7. Dec 1, 2004 #7 of 24
    Kheldar

    Kheldar Icon

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    Yes, the 921 has been discontinued. My sources at E* tell me that the 921s they are currently selling are refurbished units that were replaced by E*. I very rarely trust a refurb unit ("once bitten, twice shy").
    Where did you get the info about them converting to MPEG4 before everyone else? Provide your source.

    Why would this involve a hardware replacement, instead of a software upgrade? Again, provide your source.
     
  8. Dec 1, 2004 #8 of 24
    JohnH

    JohnH Hall Of Fame

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    If the existing chipset has hardware Mpeg4, a software upgrade might do it, but if you are talking about software decoding Mpeg4 forget it. Requires at least a P4 at 2.8 Ghz and at least 256 meg. ram. Don't know of any receivers with that kind of hardware that is not shared.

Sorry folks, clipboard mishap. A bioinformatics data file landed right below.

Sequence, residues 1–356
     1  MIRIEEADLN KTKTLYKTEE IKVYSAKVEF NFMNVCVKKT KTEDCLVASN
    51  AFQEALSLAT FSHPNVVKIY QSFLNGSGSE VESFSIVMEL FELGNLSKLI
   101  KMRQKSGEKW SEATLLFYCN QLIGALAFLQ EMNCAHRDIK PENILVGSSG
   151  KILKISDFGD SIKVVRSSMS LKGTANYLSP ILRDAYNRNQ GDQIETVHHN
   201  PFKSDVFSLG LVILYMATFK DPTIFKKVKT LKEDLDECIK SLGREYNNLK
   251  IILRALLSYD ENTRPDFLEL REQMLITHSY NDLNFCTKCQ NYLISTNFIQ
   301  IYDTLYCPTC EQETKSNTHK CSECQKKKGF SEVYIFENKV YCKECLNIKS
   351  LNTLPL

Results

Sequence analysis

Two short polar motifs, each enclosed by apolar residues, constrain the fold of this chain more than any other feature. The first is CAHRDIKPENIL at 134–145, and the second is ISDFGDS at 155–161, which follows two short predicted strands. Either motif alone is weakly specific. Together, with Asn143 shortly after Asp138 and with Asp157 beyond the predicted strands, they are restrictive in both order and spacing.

9. Dec 1, 2004 #9 of 24
    mini1

    mini1 Icon

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    "Of course, this MAY have something to do with the fact that E* is going to start to convert their systems to MPEG4 BEFORE D* or V*"
    There is no information or press release to back this up. It may happen, but only time will tell. D* or V* could very well upgrade to MPEG 4 before E*.
    You do get what you pay for, and its quite evident at Dish. I would rather pay more to have something that actully works, and isn't just a digital VCR.
     
  10. Skip Towne

    Skip Towne Godfather

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    And all these problems have earned E* the nickname "Dish Notwork".